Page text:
AREVA NP developed the axial blade probe, pictured here, to perform reactor vessel head penetration inspections. Photo courtesy of AREVA.
When it comes to plant inspection and maintenance, surprises happen. At no other time in the commercial nuclear power industry’s history has this been truer than since serious material degradation issues were first identified at pressurized water reactor (PWR) plants.
Because of potential problems identified by the industry during the past two decades, PWR vessel closure head (RVCH) nozzle penetrations are meticulously inspected at all nuclear power plants. Reactor designer AREVA NP has performed numerous plant equipment material degradation inspections. The company has an extensive materials R&D program, global industry knowledge base and is committed to finding solutions to industry problems. Sometimes, solving complex engineering and material problems requires quick decision making and creativity to maintain a plant’s outage schedule and save money.
Such was the case during a scheduled refueling outage at Dominion Nuclear Connecticut’s Millstone nuclear power station in late 2007. The ultrasonic examination of RVCH penetration adapter nozzles revealed surface discontinuities on nine penetration nozzles. This posed quite a challenge for engineers, technicians and their testing equipment. Because of the irregular surfaces, ultrasonic transducer elements could not couple properly with these particular nozzles to perform the procedure.
Finding a solution was critical. The identified discontinuities were oriented around the nozzles above the J-grove weld, which prevented compliance with Nuclear Regulatory Commission (NRC) examination requirements for the most safety significant flaw: a circumferential crack above the weld.
No other PWR plant had reported this occurrence and no other NSSS vendor performing these examinations had previously identified this phenomenon. There was no available method for interrogating this region in the absence of a uniform, prime surfaced geometry without removing the thermal sleeves. It seemed the only solution would be to remove the sleeves and perform a combination of direct measurements and ultrasonic examinations. This would have been costly in more ways than one.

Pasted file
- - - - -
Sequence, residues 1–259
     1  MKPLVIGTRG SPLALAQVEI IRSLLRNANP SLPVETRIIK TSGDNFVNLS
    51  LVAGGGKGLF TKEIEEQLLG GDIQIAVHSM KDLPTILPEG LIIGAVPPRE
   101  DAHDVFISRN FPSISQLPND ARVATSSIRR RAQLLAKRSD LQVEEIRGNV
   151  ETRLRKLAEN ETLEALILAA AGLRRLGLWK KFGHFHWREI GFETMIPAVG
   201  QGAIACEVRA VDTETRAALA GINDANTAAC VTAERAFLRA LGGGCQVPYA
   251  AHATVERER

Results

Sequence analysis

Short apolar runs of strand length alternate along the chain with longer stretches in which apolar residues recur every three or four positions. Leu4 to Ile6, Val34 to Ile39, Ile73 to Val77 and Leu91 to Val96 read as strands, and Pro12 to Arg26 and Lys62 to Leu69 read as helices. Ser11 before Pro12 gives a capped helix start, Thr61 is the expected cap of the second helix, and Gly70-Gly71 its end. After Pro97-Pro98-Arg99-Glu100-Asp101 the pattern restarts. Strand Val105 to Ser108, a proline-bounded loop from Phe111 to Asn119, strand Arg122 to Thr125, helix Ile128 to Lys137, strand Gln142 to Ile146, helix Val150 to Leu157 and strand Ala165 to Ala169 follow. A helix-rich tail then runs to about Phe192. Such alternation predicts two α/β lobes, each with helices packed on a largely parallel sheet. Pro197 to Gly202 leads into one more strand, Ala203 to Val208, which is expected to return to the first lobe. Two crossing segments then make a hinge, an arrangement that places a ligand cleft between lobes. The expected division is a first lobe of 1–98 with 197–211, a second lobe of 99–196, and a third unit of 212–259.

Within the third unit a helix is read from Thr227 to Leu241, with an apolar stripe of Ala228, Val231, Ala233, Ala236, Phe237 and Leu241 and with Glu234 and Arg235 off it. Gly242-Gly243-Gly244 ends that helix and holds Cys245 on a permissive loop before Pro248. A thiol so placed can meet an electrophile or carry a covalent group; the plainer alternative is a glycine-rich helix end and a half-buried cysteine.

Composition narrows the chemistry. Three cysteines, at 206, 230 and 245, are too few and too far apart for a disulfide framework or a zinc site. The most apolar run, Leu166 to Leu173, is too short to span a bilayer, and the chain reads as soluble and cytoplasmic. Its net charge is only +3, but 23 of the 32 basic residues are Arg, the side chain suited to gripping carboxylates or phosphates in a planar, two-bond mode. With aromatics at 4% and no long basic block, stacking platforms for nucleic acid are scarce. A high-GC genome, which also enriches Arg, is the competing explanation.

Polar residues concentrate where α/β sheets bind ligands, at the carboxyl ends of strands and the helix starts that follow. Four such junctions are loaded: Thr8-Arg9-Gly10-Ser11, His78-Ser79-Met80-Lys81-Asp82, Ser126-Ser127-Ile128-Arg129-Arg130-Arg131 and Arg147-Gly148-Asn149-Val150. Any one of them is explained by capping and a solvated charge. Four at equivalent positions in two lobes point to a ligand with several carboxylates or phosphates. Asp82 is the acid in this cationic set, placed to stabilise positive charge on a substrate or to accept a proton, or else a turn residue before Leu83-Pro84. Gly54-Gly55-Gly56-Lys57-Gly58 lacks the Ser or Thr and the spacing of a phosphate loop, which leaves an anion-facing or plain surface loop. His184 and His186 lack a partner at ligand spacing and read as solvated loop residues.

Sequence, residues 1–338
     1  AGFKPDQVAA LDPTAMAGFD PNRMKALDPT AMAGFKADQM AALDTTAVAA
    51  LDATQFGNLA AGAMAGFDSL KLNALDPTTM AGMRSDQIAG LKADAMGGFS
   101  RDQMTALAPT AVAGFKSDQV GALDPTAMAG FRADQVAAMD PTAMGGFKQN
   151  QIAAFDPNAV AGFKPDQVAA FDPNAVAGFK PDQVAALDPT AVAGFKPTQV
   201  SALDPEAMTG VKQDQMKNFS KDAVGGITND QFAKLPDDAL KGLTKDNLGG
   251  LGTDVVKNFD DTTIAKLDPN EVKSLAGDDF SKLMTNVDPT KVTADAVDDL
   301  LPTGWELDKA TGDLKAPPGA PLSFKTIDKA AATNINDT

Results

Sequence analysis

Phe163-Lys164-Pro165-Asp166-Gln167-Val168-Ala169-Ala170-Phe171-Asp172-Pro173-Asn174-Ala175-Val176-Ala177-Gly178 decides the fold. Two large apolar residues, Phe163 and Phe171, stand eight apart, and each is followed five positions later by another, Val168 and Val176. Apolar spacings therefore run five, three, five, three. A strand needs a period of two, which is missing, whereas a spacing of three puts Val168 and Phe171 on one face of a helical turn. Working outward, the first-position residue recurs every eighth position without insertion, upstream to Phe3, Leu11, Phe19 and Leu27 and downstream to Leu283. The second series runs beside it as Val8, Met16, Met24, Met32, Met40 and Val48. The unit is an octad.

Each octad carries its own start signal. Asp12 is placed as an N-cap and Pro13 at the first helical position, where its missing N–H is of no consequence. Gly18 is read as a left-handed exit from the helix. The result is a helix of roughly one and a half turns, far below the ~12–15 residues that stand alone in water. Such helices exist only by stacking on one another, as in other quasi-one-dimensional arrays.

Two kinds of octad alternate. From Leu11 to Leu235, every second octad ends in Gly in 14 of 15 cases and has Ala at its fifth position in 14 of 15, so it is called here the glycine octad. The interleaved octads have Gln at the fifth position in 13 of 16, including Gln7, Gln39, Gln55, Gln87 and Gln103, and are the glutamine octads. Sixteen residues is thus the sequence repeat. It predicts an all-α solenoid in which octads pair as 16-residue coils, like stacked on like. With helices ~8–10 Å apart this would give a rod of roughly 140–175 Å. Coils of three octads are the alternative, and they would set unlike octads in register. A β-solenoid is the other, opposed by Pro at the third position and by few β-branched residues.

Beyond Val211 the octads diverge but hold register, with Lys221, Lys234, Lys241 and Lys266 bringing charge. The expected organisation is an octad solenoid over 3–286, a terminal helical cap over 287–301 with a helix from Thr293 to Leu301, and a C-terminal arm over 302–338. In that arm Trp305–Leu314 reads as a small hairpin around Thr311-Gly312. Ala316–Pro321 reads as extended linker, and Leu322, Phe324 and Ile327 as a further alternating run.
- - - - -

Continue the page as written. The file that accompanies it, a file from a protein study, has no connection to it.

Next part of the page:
AREVA NP and Millstone engineers worked together to develop a first-of-a-kind (FOAK) remote examination and quantification technique, so the required inspection could be completed without removing the thermal sleeves. By avoiding sleeve removal, this FOAK technique resulted in a labor and materials cost savings of $6.8 million, prevented the addition of 15 outage days and resulted in a dose savings of 16 person-rems.
In addition to nozzle discontinuities, wear was observed on thermal sleeves in a circumferential area on the same lateral plane as the nozzle ends. Based on this observation, plant engineers theorized that centering tabs on the sleeves had worn away some of the nozzle base material. The wear had created the surface discontinuity, which prevented the ultrasonic transducer elements from coupling with the nozzles.
Essentially 360 degree wear on some nozzles indicated that normal fluid turbulence in the upper head area had caused the sleeves to rotate within the nozzle creating the circumferential wear. The existence of thermal sleeve wear had been reported at other PWR plants; however, movement of the thermal sleeve as a cause for nozzle base material degradation had previously gone undetected.
The primary inspection probe used to perform the ultrasonic examination is an axial blade probe. Under normal conditions, the examination involves inserting the thin stainless steel blade between the thermal sleeve and the nozzle inside diameter surface. At the end of the blade 5MHz transducer elements are operated in a “pitch-catch” configuration mounted on one end. These elements are oriented circumferentially with respect to the nozzle. The thin gap between the transducers and the material is filled with a medium capable of transferring sound energy with a minimum amount of attenuation. The perfect medium is a thin stream of water, which is delivered to the surface of the nozzle at the transducers to provide coupling and data retrieval.